An £800,000 project to repair and refurbish the cast iron balustrade and relay the footway over the 150-metre Rochester Old Bridge has been completed 10 weeks ahead of schedule.
The bridge engineer Mott MacDonald and Jackson Civil Engineering worked closely with the historic Rochester Bridge Trust, which for centuries has provided crossings over the River Medway at Rochester at no cost to the public.
The Trust planned for the project to respect the heritage of the bridge. The work included recasting and recoating the cast iron, which was originally made in 1851, and ensuring that the new footway paving included heritage-style polished granite within the paving slabs.
The project, managed for Jackson Civil Engineering by Colin Rowe , was expected to take 37 weeks and work started on March 29.
Scaffolding was erected on the upstream side of the bridge to enable the Victorian balustrade to be removed. Essential repairs were then completed on the main framework of the bridge.
Some sections of the balustrade and a number of post caps, which were in poor condition, were replaced with new iron castings. Once the repaired and new cast iron sections were reinstated, they were recoated in situ. Meanwhile, more than 1,700 new paving slabs were laid to cross the bridge for pedestrian use.
The new footway was formally opened to the public by Dr Anne Logan, the Rochester Bridge Trust Senior Warden.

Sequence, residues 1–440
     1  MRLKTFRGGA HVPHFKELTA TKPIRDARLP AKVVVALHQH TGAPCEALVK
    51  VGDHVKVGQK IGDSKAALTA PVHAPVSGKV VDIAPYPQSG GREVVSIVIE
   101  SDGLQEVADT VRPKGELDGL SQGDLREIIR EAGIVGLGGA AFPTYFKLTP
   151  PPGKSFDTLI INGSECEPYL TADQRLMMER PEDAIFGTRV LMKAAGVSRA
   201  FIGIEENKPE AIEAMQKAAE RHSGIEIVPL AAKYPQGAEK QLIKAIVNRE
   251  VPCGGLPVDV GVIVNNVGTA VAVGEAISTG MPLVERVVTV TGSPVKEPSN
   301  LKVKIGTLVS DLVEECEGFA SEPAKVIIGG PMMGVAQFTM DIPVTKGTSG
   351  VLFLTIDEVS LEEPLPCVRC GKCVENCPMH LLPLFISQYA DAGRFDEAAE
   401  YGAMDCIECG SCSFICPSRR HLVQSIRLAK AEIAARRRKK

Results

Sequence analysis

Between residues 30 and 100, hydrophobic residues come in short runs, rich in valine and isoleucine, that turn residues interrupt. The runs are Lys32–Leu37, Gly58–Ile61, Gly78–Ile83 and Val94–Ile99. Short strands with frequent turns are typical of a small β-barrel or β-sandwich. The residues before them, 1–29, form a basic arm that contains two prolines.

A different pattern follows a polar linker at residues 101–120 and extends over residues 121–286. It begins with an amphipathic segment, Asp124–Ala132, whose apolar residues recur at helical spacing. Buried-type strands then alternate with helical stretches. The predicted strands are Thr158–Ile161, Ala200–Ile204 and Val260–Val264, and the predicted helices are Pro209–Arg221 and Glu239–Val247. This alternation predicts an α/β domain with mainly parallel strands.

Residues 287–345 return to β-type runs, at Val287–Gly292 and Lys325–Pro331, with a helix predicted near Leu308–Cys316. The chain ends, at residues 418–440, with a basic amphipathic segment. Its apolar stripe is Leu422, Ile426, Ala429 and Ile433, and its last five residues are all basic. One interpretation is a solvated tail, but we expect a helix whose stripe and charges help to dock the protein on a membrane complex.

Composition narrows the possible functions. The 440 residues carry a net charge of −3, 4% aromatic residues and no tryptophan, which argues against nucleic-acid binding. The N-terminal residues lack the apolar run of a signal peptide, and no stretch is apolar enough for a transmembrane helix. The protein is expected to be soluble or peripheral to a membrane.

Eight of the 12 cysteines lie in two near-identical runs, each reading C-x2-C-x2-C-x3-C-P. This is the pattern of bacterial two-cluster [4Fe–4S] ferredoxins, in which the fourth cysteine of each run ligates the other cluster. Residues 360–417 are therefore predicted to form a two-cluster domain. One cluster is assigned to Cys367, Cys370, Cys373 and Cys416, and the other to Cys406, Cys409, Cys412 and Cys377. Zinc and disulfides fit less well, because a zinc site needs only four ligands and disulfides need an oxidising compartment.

Sue Threader, Bridge Clerk for Rochester Bridge Trust, said: “This was an exceptionally well managed project, and we are very grateful to Jackson Civil Engineering for their commitment to keeping disruption to a minimum throughout this major refurbishment.”
Graham Maden, Mott MacDonald project manager, was responsible for providing technical and asset management support as well as advising on health and safety issues throughout the programme of works. He said: “This was a complicated project, as the bridge is a Grade II listed structure. All work had to preserve the listing requirements, retaining as much of the existing structure as possible.”
1. The Rochester Bridge Trust was founded in 1399 and is the only surviving independent bridge trust that still serves its original purpose. The Trust owns and maintains the road and service bridges over the Medway at Rochester and has contributed to the cost of many other Medway crossings over the centuries. It makes charitable grants and supports other charitable and educational projects in Kent.
2. The Trust’s income derives from 14th and 15th century endowments, and assets are carefully managed to provide funds for bridge maintenance and future replacement as well as charitable activities. It provides its services entirely free to the public. The Trust receives no external funding and is regulated by the Charity Commission.